But these de-escalations should be welcomed with much caution. The men who today sing the virtues of reconciliation were the same ones who ravaged Yemen; laid siege to Qatar; rampaged in Syria and Libya; and shunned Bashar al-Assad, Syria’s despot, after a popular uprising, only to welcome him after he committed war crimes and turned his country into a narcostate.
In reality, Saudi Arabia, Israel, Turkey, and Egypt have all been pursuing various forms of aggressive nationalism. Israel has already codified religious chauvinism and exclusivism, and some of its leaders regularly incite terrorism and call for the ethnic cleansing of Palestinians from the West Bank.
In Saudi Arabia, Crown Prince Mohammed bin Salman has fostered a new culture of hyper-nationalism in an attempt to diminish the influence of the religious establishment and build by coercive means a Saudi national identity revolving around his authoritarian persona.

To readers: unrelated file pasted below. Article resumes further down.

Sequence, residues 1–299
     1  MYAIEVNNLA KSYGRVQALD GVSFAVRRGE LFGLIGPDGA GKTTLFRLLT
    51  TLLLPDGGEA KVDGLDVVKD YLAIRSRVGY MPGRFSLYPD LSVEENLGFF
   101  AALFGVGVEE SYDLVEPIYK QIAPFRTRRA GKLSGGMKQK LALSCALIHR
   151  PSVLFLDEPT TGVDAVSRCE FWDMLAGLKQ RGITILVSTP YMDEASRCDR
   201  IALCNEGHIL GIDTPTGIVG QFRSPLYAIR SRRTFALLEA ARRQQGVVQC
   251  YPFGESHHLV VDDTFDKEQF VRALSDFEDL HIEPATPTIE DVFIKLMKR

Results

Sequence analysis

In Turkey, President Recep Tayyip Erdoğan is known for stirring up a version of aggressive Turkish nationalism, laced with religious overtones and mixed with Ottoman revivalism in his frequent campaigns of grievances and intimidation against the West. Erdoğan projects himself as the embodiment of these corrosive values.
Moreover, these countries have mostly stopped cooperating with the United States on its regional priorities. Sisi was planning to provide rockets and artillery rounds to Russia to use against Ukraine before he was caught by U.S. intelligence agencies earlier this year.
Erdoğan only barely managed to maneuver his way out of a major crisis with U.S. President Joe Biden and other NATO powers at the recent Vilnius summit, when he seemed to drop his opposition to Sweden’s accession to NATO after a year of obstruction. But his blackmailing of Europe by threatening to unleash waves of Syrian refugees continues. And Erdoğan’s earlier purchase of the Russian S-400 missile defense system should have warranted harsher sanctions than it received.